The study had several limitations. Although it found an association between regularly drinking sugary drinks and fruit juices and the development of markers for Type 2 diabetes, it could not prove that the drinks caused Type 2 diabetes. Additionally, the relatively small number of study participants may have affected the strength of the association found between sugary drinks and fruit juices and the increased risk of developing Type 2 diabetes.

“Diet and cardiometabolic health are complex, with many factors varying over time and interacting in different ways, and this study represents one small piece of this puzzle,” Harnois-Leblanc said.

American Heart Association nutrition committee member Penny M. Kris-Etherton, Ph.D., R.D., FAHA, said, “This study has shown that greater sugar sweetened beverage intake, including fruit juice, throughout childhood and adolescents is associated with higher markers of diabetes risk in late adolescents in boys but not girls. It is striking that many measures of Type 2 diabetes risk were increased in boys at such an early age.”

Kris-Etherton, an emeritus professor of nutritional sciences at Penn State University, was also a co-author of the Association’s 2018 science advisory on low-calorie sweetened beverages and cardiometabolic health.

“Importantly, although fruit intake did not appear to be protective, it nonetheless was not associated with increased Type 2 diabetes risk,” she said. “These findings support the current dietary recommendations of the Association, and many organizations, to limit or eliminate drinking sugar sweetened beverages and instead consume whole fruits, which are high in so many nutrients especially the shortfall nutrients in the average American diet.” (Shortfall nutrients are the vitamins and nutrients that people are missing each day from the foods they eat; long-term deficiencies in some vitamins and nutrients have been linked to adverse health outcomes.)

The health care resource called Know Diabetes by Heart, developed by the American Heart Association and the American Diabetes Association, provides information about preventing heart disease and stroke while living with Type 2 diabetes. The initiative aims to raise awareness and understanding of the link between Type 2 diabetes and cardiovascular disease, provide resources and support to help people better manage their risk for heart disease and stroke, support health care professionals by sharing the latest clinical guidelines and science and engage health systems to improve quality of care for people with Type 2 diabetes.

Co-authors, their disclosures and funding sources are listed in the abstract.

Statements and conclusions of studies that are presented at the American Heart Association’s scientific meetings are solely those of the study authors and do not necessarily reflect the Association’s policy or position. The Association makes no representation or guarantee as to their accuracy or reliability. Abstracts presented at the Association’s scientific meetings are not peer-reviewed, rather, they are curated by independent review panels and are considered based on the potential to add to the diversity of scientific issues and views discussed at the meeting. The findings are considered preliminary until published as a full manuscript in a peer-reviewed scientific journal.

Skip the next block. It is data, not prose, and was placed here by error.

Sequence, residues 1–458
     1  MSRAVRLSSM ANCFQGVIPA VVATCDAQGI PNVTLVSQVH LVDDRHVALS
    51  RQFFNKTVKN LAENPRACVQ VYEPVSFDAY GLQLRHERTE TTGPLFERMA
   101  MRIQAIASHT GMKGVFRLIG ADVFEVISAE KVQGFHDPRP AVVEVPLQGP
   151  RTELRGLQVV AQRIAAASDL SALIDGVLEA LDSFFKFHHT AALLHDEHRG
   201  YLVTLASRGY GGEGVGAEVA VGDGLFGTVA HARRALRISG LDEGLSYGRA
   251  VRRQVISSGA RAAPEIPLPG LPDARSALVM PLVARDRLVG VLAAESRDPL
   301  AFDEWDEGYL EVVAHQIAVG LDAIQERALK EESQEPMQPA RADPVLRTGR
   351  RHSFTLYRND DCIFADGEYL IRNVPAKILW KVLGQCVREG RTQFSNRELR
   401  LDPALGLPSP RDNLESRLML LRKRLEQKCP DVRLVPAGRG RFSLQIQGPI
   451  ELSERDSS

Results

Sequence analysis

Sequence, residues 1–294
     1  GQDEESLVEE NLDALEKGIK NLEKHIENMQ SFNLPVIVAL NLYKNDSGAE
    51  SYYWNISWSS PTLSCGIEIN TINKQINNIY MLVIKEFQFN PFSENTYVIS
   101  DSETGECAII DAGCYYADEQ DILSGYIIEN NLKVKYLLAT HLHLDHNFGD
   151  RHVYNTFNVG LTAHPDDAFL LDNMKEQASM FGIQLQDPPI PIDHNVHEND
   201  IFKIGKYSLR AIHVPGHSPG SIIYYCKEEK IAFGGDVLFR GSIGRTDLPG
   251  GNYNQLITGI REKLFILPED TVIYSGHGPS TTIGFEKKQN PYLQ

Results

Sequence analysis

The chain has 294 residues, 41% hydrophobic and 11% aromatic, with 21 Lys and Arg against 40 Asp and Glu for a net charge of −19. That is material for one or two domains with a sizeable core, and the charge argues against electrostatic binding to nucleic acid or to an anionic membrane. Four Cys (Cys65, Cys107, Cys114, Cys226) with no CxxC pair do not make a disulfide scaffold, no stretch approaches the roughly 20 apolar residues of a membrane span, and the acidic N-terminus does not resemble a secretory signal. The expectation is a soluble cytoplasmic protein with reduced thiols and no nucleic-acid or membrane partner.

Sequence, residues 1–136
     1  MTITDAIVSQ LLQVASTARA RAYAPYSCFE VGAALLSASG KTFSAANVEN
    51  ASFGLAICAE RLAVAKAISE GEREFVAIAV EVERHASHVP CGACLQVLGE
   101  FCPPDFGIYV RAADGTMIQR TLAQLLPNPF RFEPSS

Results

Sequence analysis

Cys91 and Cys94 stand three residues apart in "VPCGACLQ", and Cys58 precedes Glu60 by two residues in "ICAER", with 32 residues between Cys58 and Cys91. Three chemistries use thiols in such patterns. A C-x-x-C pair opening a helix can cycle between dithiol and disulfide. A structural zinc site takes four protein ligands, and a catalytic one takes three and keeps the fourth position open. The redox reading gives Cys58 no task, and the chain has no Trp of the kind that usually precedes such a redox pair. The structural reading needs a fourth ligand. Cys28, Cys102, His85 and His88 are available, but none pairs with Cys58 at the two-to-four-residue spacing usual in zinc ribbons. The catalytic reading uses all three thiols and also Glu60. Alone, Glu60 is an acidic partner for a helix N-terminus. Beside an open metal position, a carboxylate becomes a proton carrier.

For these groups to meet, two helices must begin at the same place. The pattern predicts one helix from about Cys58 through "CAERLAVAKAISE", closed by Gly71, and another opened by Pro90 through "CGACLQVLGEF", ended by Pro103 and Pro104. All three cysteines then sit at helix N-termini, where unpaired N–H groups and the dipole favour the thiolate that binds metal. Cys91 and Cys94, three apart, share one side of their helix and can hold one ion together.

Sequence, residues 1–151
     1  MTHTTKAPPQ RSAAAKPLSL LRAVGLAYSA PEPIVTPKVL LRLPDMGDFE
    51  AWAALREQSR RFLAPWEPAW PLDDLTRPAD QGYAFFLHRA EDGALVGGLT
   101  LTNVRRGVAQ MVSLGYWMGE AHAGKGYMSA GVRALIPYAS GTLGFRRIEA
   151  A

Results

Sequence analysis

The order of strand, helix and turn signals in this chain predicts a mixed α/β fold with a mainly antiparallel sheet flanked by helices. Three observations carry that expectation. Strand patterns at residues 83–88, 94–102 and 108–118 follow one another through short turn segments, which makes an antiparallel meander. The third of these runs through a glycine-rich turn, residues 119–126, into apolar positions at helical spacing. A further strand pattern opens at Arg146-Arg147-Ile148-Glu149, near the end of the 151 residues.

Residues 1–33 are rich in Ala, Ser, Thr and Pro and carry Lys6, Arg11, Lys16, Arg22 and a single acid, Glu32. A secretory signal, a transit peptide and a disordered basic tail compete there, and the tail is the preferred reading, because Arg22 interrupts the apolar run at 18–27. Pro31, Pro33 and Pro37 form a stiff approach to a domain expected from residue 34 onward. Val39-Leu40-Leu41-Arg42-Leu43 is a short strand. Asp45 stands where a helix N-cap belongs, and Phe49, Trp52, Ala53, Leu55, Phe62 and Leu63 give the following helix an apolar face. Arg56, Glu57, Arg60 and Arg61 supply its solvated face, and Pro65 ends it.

The Association receives funding primarily from individuals; foundations and corporations (including pharmaceutical, device manufacturers and other companies) also make donations and fund specific Association programs and events. The Association has strict policies to prevent these relationships from influencing the science content. Revenues from pharmaceutical and biotech companies, device manufacturers and health insurance providers and the Association’s overall financial information are here.

Additional Resources:

###

The American Heart Association’s EPI│Lifestyle Scientific Sessions 2024 is the world’s premier meeting dedicated to the latest advances in population-based science. The 2024 meeting is in-person only, Monday through Thursday, March 18-21, at the Hilton Chicago. The primary goal of the meeting is to promote the development and application of translational and population science to prevent heart disease and stroke and foster cardiovascular health. The sessions focus on risk factors, obesity, nutrition, physical activity, genetics, metabolism, biomarkers, subclinical disease, clinical disease, healthy populations, global health and prevention-oriented clinical trials. The Councils on Epidemiology and Prevention and Lifestyle and Cardiometabolic Health (Lifestyle) jointly planned the EPI│Lifestyle Scientific Sessions 2024. Follow the conference on Twitter at #EPILifestyle24.

About the American Heart Association

The American Heart Association is a relentless force for a world of longer, healthier lives. We are dedicated to ensuring equitable health in all communities. Through collaboration with numerous organizations, and powered by millions of volunteers, we fund innovative research, advocate for the public’s health and share lifesaving resources. The Dallas-based organization has been a leading source of health information for a century. During 2024 - our Centennial year - we celebrate our rich 100-year history and accomplishments. As we forge ahead into our second century of bold discovery and impact, our vision is to advance health and hope for everyone, everywhere. Connect with us on heart.org, Facebook, X or by calling 1-800-AHA-USA1.

For Media Inquiries and AHA Expert Perspective:

AHA Communications & Media Relations in Dallas: 214-706-1173; ahacommunications@heart.org

John Arnst: John.Arnst@heart.org, 214-706-1060

For Public Inquiries: 1-800-AHA-USA1 (242-8721)

heart.org and stroke.org

 

AHA Logo
This link is provided for convenience only and is not an endorsement of either the linked-to entity or any product or service.
CLOSE PROCEED